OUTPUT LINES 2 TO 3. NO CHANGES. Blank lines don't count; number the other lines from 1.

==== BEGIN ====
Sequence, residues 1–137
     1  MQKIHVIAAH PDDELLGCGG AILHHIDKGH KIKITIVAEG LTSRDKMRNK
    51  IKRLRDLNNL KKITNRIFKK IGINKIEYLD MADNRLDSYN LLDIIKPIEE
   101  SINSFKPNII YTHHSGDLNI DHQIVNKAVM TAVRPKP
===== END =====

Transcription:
     1  MQKIHVIAAH PDDELLGCGG AILHHIDKGH KIKITIVAEG LTSRDKMRNK
    51  IKRLRDLNNL KKITNRIFKK IGINKIEYLD MADNRLDSYN LLDIIKPIEE